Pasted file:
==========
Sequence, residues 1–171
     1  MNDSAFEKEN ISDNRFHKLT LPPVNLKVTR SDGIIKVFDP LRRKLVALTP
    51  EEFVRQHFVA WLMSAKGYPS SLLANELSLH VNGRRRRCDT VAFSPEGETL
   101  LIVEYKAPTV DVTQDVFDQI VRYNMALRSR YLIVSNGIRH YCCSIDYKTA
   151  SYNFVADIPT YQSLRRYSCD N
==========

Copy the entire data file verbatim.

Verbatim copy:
Sequence, residues 1–171
     1  MNDSAFEKEN ISDNRFHKLT LPPVNLKVTR SDGIIKVFDP LRRKLVALTP
    51  EEFVRQHFVA WLMSAKGYPS SLLANELSLH VNGRRRRCDT VAFSPEGETL
   101  LIVEYKAPTV DVTQDVFDQI VRYNMALRSR YLIVSNGIRH YCCSIDYKTA
   151  SYNFVADIPT YQSLRRYSCD N